The coming of the friars, therefore, was a landmark not only in the field of moral reform. They upheld the cause of successive popes in their struggle with the temporal power. But they also represented a new conception of the Church and of her function in the world: a Church in whom the brilliance of feudal power would give place to interior prestige; the Church of the missions, and of the universities wherein human thought was to make notable advances; a Church in closer sympathy with the aims of an enlarged society. Thus, once again, as has happened so often in the course of history, the permanent message of Christ was embodied in a particular form of Christianity; once again the leaven had done its work.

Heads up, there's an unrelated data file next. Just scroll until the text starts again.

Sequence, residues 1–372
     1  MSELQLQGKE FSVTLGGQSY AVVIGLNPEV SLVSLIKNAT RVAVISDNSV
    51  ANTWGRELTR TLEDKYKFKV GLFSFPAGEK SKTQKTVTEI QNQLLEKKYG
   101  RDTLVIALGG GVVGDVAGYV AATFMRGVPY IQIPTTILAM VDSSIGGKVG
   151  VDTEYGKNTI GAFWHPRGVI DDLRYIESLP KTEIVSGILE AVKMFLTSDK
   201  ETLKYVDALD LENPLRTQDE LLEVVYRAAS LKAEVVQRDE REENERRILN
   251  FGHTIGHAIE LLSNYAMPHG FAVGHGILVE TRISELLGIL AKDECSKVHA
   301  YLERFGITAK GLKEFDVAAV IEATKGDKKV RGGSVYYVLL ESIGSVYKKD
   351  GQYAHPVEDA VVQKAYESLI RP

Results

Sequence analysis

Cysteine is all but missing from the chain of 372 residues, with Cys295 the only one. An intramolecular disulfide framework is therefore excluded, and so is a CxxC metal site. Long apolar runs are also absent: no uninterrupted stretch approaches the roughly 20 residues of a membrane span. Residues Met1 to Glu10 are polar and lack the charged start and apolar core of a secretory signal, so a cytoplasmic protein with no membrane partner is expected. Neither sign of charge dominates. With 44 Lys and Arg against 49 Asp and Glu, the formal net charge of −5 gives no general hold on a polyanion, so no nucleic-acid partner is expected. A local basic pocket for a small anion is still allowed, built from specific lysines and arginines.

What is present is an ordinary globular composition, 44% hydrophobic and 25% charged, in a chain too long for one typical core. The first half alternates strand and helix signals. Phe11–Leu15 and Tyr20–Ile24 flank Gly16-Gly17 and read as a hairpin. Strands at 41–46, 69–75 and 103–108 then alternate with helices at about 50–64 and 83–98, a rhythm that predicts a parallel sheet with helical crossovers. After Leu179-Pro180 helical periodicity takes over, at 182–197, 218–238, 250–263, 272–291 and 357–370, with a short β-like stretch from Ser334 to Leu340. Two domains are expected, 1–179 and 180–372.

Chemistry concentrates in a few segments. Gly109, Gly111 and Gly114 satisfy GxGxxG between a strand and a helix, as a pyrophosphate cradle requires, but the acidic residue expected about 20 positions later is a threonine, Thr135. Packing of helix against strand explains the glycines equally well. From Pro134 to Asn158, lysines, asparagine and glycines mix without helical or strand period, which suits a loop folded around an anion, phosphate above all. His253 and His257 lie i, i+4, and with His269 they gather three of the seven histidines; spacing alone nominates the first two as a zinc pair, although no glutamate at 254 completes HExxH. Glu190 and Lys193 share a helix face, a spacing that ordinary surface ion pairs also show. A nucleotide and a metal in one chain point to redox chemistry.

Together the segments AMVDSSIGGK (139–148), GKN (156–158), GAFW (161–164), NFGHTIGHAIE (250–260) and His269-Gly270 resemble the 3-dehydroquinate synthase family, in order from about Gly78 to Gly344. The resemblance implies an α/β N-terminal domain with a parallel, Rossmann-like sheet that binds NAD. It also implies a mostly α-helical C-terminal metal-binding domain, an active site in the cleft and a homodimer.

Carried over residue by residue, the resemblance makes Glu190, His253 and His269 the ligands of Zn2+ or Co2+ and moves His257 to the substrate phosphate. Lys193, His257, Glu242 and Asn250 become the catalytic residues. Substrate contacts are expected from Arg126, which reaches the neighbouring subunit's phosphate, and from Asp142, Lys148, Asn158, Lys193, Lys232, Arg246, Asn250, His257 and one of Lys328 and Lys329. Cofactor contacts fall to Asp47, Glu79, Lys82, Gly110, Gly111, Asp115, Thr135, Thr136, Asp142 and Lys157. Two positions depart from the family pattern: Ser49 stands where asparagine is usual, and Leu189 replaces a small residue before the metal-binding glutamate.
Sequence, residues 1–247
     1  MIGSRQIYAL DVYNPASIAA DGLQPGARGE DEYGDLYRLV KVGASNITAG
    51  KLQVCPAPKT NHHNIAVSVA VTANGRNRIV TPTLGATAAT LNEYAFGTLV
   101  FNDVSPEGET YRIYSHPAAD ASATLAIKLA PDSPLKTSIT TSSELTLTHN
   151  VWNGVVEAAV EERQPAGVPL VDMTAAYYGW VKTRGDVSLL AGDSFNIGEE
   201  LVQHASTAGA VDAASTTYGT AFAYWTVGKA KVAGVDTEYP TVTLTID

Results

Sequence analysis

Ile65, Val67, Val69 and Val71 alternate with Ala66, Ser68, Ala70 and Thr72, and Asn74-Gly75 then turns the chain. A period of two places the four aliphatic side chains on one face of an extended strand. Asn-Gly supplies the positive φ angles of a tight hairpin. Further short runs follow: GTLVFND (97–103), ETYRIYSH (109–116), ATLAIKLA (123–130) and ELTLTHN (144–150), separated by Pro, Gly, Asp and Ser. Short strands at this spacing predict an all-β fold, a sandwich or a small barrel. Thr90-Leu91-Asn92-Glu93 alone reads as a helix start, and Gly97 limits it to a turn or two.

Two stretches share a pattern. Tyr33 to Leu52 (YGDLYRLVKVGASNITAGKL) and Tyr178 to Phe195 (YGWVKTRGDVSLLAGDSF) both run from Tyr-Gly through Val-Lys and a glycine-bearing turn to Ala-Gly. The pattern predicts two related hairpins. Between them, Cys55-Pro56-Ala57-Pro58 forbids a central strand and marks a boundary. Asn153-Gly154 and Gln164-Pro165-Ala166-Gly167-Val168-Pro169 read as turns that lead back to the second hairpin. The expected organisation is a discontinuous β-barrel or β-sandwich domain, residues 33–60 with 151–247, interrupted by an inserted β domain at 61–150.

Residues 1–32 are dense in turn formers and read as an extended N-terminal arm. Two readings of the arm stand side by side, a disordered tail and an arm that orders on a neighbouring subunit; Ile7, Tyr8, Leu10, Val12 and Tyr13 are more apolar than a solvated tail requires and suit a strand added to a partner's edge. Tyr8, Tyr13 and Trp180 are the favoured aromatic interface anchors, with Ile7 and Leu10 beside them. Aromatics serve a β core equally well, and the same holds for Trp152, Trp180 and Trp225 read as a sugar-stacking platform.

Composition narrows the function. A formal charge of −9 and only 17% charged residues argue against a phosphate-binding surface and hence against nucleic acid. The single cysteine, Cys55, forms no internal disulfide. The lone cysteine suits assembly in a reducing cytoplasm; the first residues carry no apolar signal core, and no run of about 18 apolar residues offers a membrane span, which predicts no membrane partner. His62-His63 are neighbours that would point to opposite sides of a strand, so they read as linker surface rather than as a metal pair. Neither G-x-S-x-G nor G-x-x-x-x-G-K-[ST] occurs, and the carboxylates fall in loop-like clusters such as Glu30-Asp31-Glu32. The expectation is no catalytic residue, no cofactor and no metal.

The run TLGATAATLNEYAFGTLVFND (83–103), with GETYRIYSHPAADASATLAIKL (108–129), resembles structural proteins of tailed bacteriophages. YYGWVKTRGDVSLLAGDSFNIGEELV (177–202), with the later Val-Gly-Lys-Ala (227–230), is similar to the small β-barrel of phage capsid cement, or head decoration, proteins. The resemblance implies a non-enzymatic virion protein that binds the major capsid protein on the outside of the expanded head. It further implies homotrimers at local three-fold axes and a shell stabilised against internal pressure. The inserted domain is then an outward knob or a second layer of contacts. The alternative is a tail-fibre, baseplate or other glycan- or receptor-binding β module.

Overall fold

Henri Daniel-Rops, Cathedral and Crusade: Studies of the Medieval Church (1050-1350)